We then move to watch some of Bernard Tomic vs Thomaz Bellucci, but find ourselves heading back to Court 7 for an enticing third set. With all the excitement on the grounds, I accidentally missed Tim’s afternoon practice, so I just keep on watching the matches. Tim will text when he’s done with the trainer and his ice bath. Glad I don’t have to “enjoy” those frigid ice baths — will leave it for the players!
3:00 pm It’s now been a few hours, but still no word from Tim in the locker room. We don’t like to bother Tim and Billy so we just wait. Who’s complaining though when you’re at an awesome event surrounded by world-class tennis?! I’m guessing that back in the massage line or trainer room, Tim is reading — or maybe even more likely — scrolling through his Twitter feed.
4:30 We hit some nasty traffic on the way back to the house. Shopping plans for the day? Nixed. Uhh … more Golf Channel?
7:00 We have dinner with a group of Tim’s friends who are hosting a new Challenger starting off in Sacramento this Fall. It’s an exciting and riveting conversation, but my eyes are failing me and closing at the table. Tim, though, has extra helpings — have to stay fueled up!
10:30 Finally time for some shut-eye.
Friday, March 8th — 6:00 am No walk this morning as it’s surprisingly raining in the desert!
7:00 Off to get that coffee again to start the day right. Same routine as yesterday.
8:20 The rain was short-lived as the sun makes it’s appearance, even though the meteorologist called for more rain. Go figure!
9:15 My mom and I head out to do a little walking around and shopping now that it’s nice out. Tim is fifth up today for his match against Yen-Hsun Lu, so we won’t need to head to the site for a few hours.
1:30 pm Once we do arrive at the site, we catch some of the Jack Sock vs Ivo Karlovic match. What a tough loss for Jack after holding match points. Sometimes matches just don’t work out how we want them to.
3:00 We head over to watch some of Tim’s pre-match warmup, before seeing some of Jelena Jankovic vs Svetlana Kuznetzova. Once the sun starts to set though, mom and I realize that it would be better to spend a few hours inside so we’re not frozen popsicles by the time his match rolls around later in the evening.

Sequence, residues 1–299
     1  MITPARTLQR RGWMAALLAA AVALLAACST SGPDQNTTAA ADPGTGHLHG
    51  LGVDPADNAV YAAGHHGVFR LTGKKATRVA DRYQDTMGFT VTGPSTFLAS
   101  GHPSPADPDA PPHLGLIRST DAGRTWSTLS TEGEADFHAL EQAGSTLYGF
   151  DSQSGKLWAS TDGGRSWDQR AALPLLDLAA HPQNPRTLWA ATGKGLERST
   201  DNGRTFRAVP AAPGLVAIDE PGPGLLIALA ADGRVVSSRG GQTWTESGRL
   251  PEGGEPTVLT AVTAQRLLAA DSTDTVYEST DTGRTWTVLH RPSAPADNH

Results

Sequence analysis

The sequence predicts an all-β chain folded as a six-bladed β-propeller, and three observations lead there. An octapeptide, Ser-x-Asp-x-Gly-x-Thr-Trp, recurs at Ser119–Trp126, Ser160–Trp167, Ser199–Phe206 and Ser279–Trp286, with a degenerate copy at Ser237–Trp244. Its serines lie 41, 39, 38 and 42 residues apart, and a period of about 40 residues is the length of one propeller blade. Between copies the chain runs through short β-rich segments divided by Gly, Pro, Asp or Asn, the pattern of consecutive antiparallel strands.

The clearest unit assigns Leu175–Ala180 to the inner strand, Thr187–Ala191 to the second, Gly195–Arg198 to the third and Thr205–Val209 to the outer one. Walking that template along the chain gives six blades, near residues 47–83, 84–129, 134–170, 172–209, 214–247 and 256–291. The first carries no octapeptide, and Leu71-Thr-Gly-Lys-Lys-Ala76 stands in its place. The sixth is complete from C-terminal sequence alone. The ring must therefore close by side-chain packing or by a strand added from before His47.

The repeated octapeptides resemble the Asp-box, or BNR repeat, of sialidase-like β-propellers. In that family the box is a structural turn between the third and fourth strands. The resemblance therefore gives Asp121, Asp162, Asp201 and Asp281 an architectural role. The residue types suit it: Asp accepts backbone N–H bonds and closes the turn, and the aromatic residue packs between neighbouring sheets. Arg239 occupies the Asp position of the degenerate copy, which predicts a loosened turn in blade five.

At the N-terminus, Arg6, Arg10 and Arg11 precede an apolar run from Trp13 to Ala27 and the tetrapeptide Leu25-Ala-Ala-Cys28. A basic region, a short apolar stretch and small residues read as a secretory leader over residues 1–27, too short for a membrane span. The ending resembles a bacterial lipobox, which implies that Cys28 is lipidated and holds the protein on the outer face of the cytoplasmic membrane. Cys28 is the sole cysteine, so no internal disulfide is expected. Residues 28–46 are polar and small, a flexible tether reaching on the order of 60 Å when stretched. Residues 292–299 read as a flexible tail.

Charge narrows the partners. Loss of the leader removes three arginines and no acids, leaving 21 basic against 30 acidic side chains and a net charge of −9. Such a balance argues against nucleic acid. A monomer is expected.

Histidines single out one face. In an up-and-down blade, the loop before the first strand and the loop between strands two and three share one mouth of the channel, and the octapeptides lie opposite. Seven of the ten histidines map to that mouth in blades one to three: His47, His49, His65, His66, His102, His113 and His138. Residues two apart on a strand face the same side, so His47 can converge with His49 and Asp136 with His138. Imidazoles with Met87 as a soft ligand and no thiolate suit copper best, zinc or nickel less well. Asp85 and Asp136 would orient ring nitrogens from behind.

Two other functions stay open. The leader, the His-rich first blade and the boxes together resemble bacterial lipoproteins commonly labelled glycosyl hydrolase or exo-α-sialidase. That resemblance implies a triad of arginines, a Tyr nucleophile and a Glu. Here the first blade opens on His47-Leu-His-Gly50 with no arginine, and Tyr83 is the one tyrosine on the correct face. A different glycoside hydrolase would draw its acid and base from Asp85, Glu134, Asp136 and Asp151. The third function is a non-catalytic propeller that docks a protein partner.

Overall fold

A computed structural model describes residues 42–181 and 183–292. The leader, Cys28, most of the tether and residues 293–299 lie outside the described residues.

4:45 Luckily, we were able to find in a nice corner of the players lounge where I can discretely do a little yoga — stiff from shivering all afternoon.
James Blake strides in smiling after his win over Robin Haase. Then from across the room, I see Haase discussing his loss with his coach and a cloudy look of disappointment on his face. With the constant flux of familiar tennis player faces walking in and out, it’s hard to not be distracted. But, of course, when you’re in the players lounge, you just play it cool — no staring, even if you are a little starstruck.
Stadium 3 is hosting a women’s match before Tim’s (Bartoli v Scheepers), so it feels like they’re trying to set a record for number of deuce games. Part of me — oh wait, all of me, is dreading going back out into the ever-extending frigid night.
6:00 We finally head out to Stadium 3 to shiver for a few more hours and watch Tim’s match against Lu. Tim came out of the gate strong, but Lu is known to be hot and cold. Sure enough, Lu got the break to start the second set, and then really started playing on all cylinders. Tim didn’t play poorly, but he can definitely play at a much higher level than this, and suffers a heart-breaking three-set loss, 6-2, 2-6, 2-6. Never easy to see a match slip through your hands after having had control.